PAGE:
Daldry and Marshall are the most deserving of the bunch. Each took an extremely difficult screenplay with huge expectations and preconceived notions and successfully adapted it into a movie. Marshall was able to successfully integrate songs into a movie, and rechoreograph some very memorable numbers. Daldry took an extremely complex story and turned it into a cohesive whole. Polanski comes next. As for Scorcese and Almodovar, they are great and important directors, but this is not their best work. Their nominations seem more a catch up from prior years. Other potential candidates missed were Spike Jonze (Adaptation), Julie Taymor (Frida), Gore Verbinski (The Ring), Patricia Cardoso (Real Women Have Curves), or Hayao Miyazaki (Spirited Away)
Haro: The Hours
Mongoose: Chicago
Best Original Screenplay
Far From Heaven - Todd Haynes
Gangs of New York - Jay Cocks, Steve Zaillian, and Kenneth Lonergan
My Big Fat Greek Wedding - Nia Vardalos
Talk to Her - Pedro Almodovar
Y Tu Mama Tambien - Carlos Cuaron and Alfonso Cuaron
Didn't Vardalos base her movie on her stage play? So wouldn't that make it ineligible for Best Original screenplay? Gangs of New York and Talk to Her are good examples of good writers with off-peak material. Far From Heaven is both an homage to films of an earlier time and a look at the ugly underside of an earlier America, and Y Tu Mama Tambien weaves together a ribald coming-of-age story with some keen observations on Mexico today. Other missed opportunities include Lovely & Amazing, The Man From Elysian Fields, Panic Room, Secretary, or Punch-Drunk Love.
Haro: Y Tu Mama Tambien
Mongoose: Far From Heaven
Best Adapted Screenplay
About a Boy - Peter Hedges, Christ Weitz, and Paul Weitz
Adaptation - Charlie Kaufman and Donald Kaufman
Chicago - Bill Condon
The Hours - David Hare
The Pianist - Ronald Harwood
This is another strong category, with each of the films worthy of winning. It's especially nice to see About a Boy here, knowing how hard it is for comedies to get recognition. And although Adaptation is kind of adapted, isn't it more of an original work than anything else, meaning it should be in the other writing category? It would also have been nice to see The Ring, The Lord of the Rings: The Two Towers, Minority Report, Nicholas Nickleby, The Quiet American, or Rabbit-Proof Fence.
Haro: Adaptation
Mongoose: The Hours
Best Foreign Language Film
El Crimen del Padre Amaro - Mexico
Hero - China
The Man Without A Past - Finland
Nowhere in Africa - Germany
Zus & Zo - The Netherlands
As of this writing, only one film has made its way into general release. Three more are coming shortly, most likely on or around the Academy Awards telecast. To get nominated, the country selects one film and submits it, and then the Academy chooses it. For Mexico, El Crimen del Padre Amaro is an overhyped film that benefitted from a very topical subject. Y Tu Mama Tambien was a much better film. HARO Online has seen very few of the submissions, and of them, Brazil's City of God is a glaring omission. Other foreign films released during the year that deserve some recognition (but because they are foreign, who knows if they even qualified) are Sex & Lucia, Atanarjuat, Bloody Sunday, and The Last Kiss.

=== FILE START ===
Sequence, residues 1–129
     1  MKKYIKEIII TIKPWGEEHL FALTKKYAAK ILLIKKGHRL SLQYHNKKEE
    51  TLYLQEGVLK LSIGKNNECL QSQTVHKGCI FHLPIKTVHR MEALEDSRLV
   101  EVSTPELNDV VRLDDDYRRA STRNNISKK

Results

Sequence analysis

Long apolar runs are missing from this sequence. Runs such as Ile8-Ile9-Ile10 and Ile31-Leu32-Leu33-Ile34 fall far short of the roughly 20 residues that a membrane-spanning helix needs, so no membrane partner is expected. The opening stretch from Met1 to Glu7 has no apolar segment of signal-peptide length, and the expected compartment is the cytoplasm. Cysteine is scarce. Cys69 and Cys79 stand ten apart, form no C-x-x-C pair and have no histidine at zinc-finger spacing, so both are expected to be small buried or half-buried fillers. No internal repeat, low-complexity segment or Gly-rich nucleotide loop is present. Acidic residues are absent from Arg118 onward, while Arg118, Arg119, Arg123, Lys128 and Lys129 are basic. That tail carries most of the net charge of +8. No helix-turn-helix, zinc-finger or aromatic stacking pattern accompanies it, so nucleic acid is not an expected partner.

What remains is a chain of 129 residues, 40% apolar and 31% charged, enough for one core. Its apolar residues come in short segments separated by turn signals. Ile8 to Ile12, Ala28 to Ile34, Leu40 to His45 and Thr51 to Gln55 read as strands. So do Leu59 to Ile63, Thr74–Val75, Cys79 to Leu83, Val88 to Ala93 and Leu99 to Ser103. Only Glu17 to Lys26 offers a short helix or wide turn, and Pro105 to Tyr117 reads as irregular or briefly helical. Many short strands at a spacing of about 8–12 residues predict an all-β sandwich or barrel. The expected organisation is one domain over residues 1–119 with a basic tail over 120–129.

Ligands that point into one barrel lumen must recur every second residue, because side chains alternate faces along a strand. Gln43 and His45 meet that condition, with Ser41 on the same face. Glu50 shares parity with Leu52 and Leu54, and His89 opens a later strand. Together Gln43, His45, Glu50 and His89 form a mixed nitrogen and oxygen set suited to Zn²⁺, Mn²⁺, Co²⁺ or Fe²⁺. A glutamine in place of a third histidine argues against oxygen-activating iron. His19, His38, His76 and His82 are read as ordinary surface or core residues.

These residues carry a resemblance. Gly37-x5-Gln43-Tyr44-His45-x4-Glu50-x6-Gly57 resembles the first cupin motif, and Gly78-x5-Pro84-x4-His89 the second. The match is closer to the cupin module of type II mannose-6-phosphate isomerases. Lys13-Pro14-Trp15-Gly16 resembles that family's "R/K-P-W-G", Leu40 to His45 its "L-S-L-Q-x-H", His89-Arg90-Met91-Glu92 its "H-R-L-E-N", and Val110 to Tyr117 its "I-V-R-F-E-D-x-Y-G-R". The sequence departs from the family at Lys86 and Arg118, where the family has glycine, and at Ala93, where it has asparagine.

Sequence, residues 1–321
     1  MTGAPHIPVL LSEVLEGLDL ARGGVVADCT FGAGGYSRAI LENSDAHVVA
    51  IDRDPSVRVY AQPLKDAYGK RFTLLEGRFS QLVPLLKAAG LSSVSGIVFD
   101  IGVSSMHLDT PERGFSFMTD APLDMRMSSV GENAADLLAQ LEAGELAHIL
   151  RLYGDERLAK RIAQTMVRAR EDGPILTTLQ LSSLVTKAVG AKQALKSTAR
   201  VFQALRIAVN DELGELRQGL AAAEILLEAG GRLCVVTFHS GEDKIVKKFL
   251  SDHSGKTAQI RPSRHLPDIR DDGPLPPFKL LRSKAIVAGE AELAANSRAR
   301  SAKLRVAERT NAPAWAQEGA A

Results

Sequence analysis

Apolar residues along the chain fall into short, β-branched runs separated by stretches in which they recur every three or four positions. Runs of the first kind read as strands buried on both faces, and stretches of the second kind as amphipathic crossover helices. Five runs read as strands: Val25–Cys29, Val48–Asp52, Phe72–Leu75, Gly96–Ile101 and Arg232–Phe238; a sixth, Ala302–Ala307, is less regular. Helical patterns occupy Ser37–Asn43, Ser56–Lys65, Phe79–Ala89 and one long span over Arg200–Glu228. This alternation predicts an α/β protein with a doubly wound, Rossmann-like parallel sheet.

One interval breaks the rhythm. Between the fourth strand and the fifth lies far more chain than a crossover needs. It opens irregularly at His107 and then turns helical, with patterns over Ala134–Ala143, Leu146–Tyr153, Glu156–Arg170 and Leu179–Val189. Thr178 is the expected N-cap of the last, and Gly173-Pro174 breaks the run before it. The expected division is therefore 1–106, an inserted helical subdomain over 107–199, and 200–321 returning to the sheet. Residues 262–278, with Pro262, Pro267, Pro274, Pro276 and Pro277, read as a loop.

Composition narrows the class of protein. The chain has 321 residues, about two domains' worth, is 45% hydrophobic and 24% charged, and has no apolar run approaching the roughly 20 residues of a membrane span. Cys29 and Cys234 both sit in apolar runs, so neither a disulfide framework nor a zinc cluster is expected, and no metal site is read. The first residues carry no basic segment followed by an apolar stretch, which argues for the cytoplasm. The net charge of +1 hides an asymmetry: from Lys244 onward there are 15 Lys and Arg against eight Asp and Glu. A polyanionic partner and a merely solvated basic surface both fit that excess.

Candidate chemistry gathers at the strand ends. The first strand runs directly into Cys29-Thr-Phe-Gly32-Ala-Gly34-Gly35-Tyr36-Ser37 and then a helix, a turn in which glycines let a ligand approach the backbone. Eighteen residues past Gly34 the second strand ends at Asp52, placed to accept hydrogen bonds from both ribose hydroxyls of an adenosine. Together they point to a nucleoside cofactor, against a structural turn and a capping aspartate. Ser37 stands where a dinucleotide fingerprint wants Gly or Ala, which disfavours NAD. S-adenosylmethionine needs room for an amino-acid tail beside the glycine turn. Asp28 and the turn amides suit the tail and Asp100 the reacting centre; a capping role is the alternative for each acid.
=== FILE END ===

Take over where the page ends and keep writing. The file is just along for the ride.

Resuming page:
Best Animated Feature Film
Ice Age
Lilo & Stitch
Spirit: Stallion of the Cimarron
Spirited Away
Treasure Planet
Hey, the Academy did a pretty good job here. Spirited Away is so far ahead of the group that it will be a travesty if it doesn't win. The only other serious contender is Lilo & Stitch. Ice Age was a nice surprise, and the best thing one can say about Treasure Planet was that it wasn't as bad as everybody though. Spirit probably doesn't belong here, and could be replaced by The Wild Thornberrys Movie.
Haro and Mongoose: Spirited Away.
Best Music (Song)
8 Mile - Lose Yourself - Eminem
Frida - Burn It Blue - Elliot Goldenthal
Gangs of New York - U2 - The Hands That Built America
The Wild Thornberrys Movie - Paul Simon - Father and Daughter
Chicago - John Kander and Fred Ebb - I Move On
Like in the Best Animated Feature category, one song looms over every other, "Lose Yourself" by Eminem. It seethes with raw passion, anger, and frustration, unlike the other songs, which are just plain dull. Simon is the only contender that comes close. Most film songs these days are just blah (U2 in particular was pretty disappoiting). Some good songs that the Academy missed were Steve Earle's from The Rookie, Badly Drawn Boy's (aka Damon Gough) "Something to Talk About" from About A Boy, or anything Belle and Sebastian did for Storytelling.
Haro and Mongoose: 8 Mile - Lose Yourself
Best Music (Score)
Catch Me If You Can - John Williams
Far From Heaven - Elmer Bernstein
Frida - Elliot Goldenthal
The Hours - Philip Glass
Road to Perdition - Thomas Newman
Glass' score is not only good, it is an integral part of The Hours. It serves to bind the three stories together, providing a common anchor for the audience. Otherwise, Williams and Bernstein do a great job with more old-fashioned scores for their respective movies. The Academy tends to play it safe in this category, and it would have been nice to see Jon Brion's ultra-percussive score for Punch-Drunk Love, anything from Clint Mansell (especially World Traveler or even Murder By Numbers), Rachel Portman (The Emperor's New Clothes or Nicholas Nickleby), Howard Shore (The Two Towers), Jason Osborn (The Triumph of Love) or Reinhold Heil and Johnny Klimek (One Hour Photo).
Haro and Mongoose: Philip Glass, The Hours